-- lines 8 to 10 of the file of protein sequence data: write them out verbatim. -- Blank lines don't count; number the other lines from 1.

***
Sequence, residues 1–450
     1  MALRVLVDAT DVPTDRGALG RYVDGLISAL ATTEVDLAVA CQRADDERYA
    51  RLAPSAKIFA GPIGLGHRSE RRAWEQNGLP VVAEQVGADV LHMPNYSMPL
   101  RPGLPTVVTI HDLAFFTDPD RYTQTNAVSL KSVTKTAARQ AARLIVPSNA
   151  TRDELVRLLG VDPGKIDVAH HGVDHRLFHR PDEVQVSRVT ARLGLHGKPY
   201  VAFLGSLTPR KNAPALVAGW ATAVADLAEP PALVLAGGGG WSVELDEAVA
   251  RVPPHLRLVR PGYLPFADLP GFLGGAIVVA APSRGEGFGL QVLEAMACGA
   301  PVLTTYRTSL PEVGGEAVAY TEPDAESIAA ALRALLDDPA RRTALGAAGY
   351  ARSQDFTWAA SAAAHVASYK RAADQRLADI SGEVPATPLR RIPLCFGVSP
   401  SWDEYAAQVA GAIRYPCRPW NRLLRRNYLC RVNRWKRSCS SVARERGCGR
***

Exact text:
   301  PVLTTYRTSL PEVGGEAVAY TEPDAESIAA ALRALLDDPA RRTALGAAGY
   351  ARSQDFTWAA SAAAHVASYK RAADQRLADI SGEVPATPLR RIPLCFGVSP
   401  SWDEYAAQVA GAIRYPCRPW NRLLRRNYLC RVNRWKRSCS SVARERGCGR